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Author: Aiste Zalepuga
Date: May 2021
From: Notre Dame Law Review(Vol. 96, Issue 5)
Publisher: University of Notre Dame Law School
Document Type: Article
Length: 11,695 words
Lexile Measure: 1900L

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Multinational technology companies--including Amazon, Apple, Facebook, and Google--are leading news headlines for potentially anticompetitive behavior. (1) If anticompetitive behavior is found, then agencies may seek and courts will craft an appropriate remedy for the harm. (2) Remedies can be legal or equitable. While legal remedies tend to be formulaic, equitable remedies allow for significantly more discretion and creativity--providing the wielder of equity with a powerful tool against defendants. (3) The proposed remedies for "Big Tech" are far ranging and include equitable monetary relief, such as disgorgement and restitution. (4) Selecting one remedy over another could reshape industries and tangibly impact our daily lives. (5)

The relationship between courts and agencies plays an important role in the assignment of remedies. The "classic vision of lawmaking" focuses on a bill that becomes a law; however, the interpretation and implementation of statutes by courts and agencies provide most of the detail in federal law. (6) Recent federal court cases suggest a new trend in the relationship between courts and agencies when interpreting statutes. Federal courts appear to be sharpening the distinction between law and equity when interpreting statutes, in order to limit agency enforcement powers.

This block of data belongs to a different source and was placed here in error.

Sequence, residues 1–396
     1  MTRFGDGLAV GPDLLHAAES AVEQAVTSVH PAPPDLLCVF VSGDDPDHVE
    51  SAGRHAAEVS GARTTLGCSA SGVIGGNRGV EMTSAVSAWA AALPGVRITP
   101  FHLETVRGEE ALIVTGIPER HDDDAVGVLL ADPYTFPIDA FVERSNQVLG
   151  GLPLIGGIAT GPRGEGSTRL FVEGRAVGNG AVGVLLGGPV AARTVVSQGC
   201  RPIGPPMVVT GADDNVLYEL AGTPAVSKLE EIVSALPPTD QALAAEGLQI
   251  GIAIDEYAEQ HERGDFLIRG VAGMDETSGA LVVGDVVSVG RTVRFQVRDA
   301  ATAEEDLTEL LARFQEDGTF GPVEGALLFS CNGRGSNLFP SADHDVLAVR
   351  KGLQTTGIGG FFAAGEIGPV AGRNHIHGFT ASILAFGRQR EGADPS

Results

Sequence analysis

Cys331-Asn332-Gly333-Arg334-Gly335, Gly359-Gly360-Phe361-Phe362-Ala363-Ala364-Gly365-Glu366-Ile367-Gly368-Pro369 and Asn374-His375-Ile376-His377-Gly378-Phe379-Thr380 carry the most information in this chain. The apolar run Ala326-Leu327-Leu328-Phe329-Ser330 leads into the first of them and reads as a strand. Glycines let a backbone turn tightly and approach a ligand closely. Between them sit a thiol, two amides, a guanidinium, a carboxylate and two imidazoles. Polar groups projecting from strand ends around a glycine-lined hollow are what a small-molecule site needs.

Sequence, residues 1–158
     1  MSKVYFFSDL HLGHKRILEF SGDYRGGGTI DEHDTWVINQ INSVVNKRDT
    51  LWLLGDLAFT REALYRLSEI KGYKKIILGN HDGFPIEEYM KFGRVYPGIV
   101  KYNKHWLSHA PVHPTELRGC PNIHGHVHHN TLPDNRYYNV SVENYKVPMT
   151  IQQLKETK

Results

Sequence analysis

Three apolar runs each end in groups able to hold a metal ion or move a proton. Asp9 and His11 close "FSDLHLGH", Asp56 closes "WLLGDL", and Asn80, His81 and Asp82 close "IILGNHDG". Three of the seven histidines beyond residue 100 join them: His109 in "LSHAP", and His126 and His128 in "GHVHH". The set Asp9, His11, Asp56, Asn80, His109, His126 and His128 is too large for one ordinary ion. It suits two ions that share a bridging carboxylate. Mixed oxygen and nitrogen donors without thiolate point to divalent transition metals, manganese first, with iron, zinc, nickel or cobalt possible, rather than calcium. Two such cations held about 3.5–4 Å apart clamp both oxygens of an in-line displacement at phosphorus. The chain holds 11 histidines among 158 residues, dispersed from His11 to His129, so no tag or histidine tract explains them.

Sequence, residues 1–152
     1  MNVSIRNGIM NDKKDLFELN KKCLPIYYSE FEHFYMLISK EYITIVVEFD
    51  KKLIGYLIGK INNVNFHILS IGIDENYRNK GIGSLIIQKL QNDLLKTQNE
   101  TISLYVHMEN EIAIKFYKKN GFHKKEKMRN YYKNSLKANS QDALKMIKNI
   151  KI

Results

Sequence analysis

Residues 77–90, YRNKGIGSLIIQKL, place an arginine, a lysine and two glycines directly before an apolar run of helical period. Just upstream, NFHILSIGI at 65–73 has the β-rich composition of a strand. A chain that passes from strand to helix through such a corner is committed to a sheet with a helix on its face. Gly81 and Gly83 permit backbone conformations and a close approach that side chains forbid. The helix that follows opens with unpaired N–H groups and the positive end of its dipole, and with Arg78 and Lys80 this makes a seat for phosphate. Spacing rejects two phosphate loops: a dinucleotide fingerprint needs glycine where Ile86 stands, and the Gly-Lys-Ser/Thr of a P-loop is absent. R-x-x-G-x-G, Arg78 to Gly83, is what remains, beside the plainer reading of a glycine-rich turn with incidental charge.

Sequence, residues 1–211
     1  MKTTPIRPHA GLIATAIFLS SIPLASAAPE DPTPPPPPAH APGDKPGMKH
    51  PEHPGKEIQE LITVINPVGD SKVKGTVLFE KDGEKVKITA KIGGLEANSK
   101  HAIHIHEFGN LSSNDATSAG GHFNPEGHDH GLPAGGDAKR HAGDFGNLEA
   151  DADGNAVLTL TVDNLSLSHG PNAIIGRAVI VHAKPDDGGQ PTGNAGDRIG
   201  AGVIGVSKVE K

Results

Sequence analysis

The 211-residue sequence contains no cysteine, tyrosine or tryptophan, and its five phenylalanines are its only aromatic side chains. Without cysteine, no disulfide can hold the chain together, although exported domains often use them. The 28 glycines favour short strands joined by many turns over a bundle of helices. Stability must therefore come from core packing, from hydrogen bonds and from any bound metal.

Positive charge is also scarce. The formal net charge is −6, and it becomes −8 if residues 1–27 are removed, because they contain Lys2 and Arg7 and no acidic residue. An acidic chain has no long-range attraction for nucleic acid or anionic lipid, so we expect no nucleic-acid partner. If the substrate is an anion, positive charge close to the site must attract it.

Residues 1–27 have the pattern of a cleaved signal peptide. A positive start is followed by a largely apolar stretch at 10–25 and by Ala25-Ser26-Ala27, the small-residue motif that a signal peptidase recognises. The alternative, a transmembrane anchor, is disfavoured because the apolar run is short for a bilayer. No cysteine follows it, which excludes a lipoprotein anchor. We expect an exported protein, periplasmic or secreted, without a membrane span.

Recent federal court cases concerning the Securities and Exchange Commission (SEC) and Federal Trade Commission (FTC) demonstrate this new relationship between the courts' insistence on equitable principles and the agencies' enforcement powers. For instance, in Liu v. SEC, (7) the Supreme Court limited SEC enforcement powers by holding the agency accountable to traditional principles of equity, (8) and similar implications arose for the FTC. In this respect, the FTC provides an interesting case study: the FTC's use of equitable remedies grew into a powerful tool to secure some of the agency's most significant settlements, (9) until federal courts stepped in to limit the FTC's arsenal of equitable remedies. For example, the Court unanimously curtailed section 13(b) of the FTC Act (10) in AMG Capital Management, LLC v. FTC, (11) returning the remedy in question to a traditional equitable category.

Section 13(b) expressly authorizes the FTC to seek permanent injunctions, but other equitable remedies--namely disgorgement and restitution--are not mentioned. (12) Nevertheless, the FTC has read section 13(b) in an increasingly expansive manner over the past four decades to secure large monetary remedies. (13) While the FTC's expansive use of section 13(b) has long been in debate, (14) a circuit split recently occurred: the Ninth Circuit affirmed a broad reading of section 13(b), while the Third and Seventh Circuits overruled longstanding precedent by holding that the FTC cannot obtain monetary relief under section 13(b). Against the backdrop of this circuit split, the Supreme Court decided the future of section 13(b) in AMG Capital, holding that the express right to obtain an injunction does not provide the FTC with the authority to obtain monetary relief. (15) The Court's interpretation of the FTC Act is instructive to the interpretation of other statutes, as the Court generally is applying an increasingly textualist approach to statutory interpretation. (16)

This Note explores the relationship...

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Gale Document Number: GALE|A666682361